Arrived Kingdom of Tonga

Position: 18 42.04 S 174 01.8 W
Moored Port Maurelle, Va'vau
Wind: South east, F3 gentle breeze
Weather: Mostly sunny, warm
Day's run: 75 nm

Yesterday's light and variable winds eventually gave way to something a little more consistent, though for some of the night we drifted under bare poles so as to minimise sails slatting and chafing which, despite my best efforts, would appear to have taken its toll on the new head sail. Late yesterday evening as I was attempting to find some stars to shoot in the overcast sky (I only found two) I noticed an eight inch tear in the jib along a seam in the UV strip about half way up the the leach. This is very disappointing as the sail is less than 12 months old and while Sylph's sails undoubtedly receive a little more wear and tear than the average cruiser and perhaps I am less gentle with them then I ought to be, I had hoped for better. However it looks a simple repair which, while there is no sail maker hereabouts, it ought to be within the capacity of a local canvas shop to remedy, as long as the fabric is sound which I am sure it will be.

At midnight I advanced clocks 24 hours to Tonga time, meaning we skipped Saturday and have moved straight on to Sunday. By this time we had a light southerly with sufficient pressure to keep the sails full against the swell induced roll, but as we had but a short way to go I only set a bit of jib under which we made a steady three knots; at 2 a.m we raised the silhouette of the island by the light of the half full moon. Come 7 we had sufficient light and were in a good position to safely navigate into the islands, I set the mainsail and enjoyed a refreshing sail up wind down the western side of Va'vau and into the confined waters of the small archipelago. As we approached the main port of Neiafu I attempted to call Va'vau Radio on the VHF. I received no reply from Va'vau Radio but was answered by “Lighten Up” who advised me that as it was a Sunday it was very unlikely any officials would be on duty and recommended I make for Port Maurelle, a very nicely secluded bay a little ways inside the entrance, and continue to Neiafu on Monday. This suggestion I duly followed and I was as pleased as Punch to be able tack into the small bay against a one reef breeze, in amongst four boats and round up almost perfectly onto a mooring without the aid of the engine, my only criticism being that I was pinching Sylph up a little in the last 50 meters or so of the approach and we rather crept up to the buoy rather than displaying the confident panache of approaching with sails full, a foaming white bow wave and rounding up into the wind mainsail all a flutter coming to a perfect standstill with the buoy under foot. Nonetheless as Sylph sedately approached the buoy I nonchalantly strolled to the foredeck, dropped the mainsail en route, collected the boat hook and picked up the mooring line just as it drifted slowly past the port bow, as peacefully as can be. So, while not text book, I was well satisfied.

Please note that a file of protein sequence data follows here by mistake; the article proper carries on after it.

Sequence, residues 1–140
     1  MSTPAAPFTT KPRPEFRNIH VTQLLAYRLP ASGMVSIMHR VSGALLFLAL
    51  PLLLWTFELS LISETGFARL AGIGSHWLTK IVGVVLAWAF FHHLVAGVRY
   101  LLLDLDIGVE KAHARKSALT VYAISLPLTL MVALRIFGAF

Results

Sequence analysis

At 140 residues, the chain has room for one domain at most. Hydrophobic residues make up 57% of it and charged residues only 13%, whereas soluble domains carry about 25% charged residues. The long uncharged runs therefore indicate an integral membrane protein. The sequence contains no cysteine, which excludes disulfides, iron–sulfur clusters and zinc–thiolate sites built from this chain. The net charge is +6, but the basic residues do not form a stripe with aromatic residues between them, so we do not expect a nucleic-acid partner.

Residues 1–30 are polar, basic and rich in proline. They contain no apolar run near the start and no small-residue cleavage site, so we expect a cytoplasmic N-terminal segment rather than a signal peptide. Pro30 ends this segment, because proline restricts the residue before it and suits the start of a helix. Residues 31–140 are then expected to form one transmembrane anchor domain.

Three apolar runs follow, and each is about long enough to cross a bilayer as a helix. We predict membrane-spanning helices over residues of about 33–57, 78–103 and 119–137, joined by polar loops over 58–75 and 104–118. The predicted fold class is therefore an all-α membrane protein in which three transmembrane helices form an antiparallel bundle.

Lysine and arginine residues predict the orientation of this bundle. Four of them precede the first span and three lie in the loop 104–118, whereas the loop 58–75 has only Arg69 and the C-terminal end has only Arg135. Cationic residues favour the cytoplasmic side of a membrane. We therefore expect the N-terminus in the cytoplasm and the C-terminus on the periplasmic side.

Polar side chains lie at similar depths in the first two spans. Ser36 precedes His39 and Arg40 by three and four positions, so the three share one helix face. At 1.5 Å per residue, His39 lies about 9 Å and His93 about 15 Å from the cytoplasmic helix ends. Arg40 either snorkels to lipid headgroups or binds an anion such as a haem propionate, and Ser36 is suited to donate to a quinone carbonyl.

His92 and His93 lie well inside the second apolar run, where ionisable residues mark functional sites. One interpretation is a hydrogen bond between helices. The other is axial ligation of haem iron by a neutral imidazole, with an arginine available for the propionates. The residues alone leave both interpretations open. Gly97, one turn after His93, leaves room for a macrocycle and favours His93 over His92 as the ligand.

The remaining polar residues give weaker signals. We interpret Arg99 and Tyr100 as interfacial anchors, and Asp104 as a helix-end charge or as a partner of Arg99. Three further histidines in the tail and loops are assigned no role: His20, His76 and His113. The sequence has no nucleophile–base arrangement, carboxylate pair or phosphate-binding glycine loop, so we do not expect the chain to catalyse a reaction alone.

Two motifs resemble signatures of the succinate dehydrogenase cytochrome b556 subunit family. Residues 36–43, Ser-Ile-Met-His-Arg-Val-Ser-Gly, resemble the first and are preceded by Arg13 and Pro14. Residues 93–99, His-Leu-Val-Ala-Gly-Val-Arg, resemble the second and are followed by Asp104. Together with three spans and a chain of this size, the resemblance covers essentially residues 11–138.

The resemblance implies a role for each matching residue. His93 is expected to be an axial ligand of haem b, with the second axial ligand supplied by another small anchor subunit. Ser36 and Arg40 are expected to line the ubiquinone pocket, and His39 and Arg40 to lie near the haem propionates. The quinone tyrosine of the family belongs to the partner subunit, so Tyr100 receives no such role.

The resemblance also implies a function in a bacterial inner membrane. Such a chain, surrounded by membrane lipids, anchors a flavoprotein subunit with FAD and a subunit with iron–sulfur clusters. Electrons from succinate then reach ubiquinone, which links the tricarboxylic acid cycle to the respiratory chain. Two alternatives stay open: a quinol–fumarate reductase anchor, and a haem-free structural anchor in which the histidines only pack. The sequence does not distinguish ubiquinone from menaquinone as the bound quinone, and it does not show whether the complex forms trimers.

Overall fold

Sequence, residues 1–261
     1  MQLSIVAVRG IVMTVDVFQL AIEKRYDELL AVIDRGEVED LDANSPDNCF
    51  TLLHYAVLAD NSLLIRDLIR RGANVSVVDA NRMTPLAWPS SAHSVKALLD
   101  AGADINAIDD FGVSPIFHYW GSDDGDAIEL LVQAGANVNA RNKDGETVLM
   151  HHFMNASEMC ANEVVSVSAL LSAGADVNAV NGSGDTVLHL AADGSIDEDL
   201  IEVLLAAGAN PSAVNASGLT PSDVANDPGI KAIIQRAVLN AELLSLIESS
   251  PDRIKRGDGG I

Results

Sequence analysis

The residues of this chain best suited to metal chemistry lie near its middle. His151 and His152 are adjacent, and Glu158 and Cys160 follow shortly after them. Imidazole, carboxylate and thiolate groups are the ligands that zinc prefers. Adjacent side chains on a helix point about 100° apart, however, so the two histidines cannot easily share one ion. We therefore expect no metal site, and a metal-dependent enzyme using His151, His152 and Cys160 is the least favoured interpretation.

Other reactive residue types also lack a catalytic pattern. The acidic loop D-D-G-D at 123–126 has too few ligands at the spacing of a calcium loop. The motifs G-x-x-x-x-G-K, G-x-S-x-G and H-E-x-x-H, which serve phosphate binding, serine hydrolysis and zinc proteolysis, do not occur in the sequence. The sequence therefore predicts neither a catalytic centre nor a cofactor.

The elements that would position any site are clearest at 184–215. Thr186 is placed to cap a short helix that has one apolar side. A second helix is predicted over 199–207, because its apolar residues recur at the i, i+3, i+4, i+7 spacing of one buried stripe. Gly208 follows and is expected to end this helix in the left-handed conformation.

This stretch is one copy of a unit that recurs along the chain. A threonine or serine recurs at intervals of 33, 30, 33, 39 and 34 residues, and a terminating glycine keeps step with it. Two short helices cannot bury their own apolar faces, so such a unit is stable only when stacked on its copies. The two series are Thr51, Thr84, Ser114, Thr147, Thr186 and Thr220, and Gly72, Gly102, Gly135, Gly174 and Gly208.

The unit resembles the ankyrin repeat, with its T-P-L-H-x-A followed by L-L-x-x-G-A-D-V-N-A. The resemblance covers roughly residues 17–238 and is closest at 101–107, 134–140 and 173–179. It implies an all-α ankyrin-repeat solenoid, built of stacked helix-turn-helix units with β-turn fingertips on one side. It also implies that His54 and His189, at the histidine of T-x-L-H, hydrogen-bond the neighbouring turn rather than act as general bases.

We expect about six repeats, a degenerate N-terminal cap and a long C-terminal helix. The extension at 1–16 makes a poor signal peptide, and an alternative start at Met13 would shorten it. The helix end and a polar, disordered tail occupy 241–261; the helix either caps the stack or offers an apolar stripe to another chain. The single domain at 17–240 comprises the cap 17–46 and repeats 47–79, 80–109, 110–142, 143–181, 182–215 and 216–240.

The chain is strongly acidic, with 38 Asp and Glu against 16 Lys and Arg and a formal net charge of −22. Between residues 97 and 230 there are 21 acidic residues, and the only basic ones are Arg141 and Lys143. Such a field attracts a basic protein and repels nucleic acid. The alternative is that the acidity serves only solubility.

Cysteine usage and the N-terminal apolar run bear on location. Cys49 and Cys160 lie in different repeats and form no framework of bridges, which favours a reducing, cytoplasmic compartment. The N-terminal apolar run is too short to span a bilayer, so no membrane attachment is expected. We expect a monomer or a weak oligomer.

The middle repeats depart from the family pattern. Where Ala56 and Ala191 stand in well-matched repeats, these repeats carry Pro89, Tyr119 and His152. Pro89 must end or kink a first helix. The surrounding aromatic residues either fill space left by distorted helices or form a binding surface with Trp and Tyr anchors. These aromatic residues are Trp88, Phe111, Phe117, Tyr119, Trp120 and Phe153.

All is well.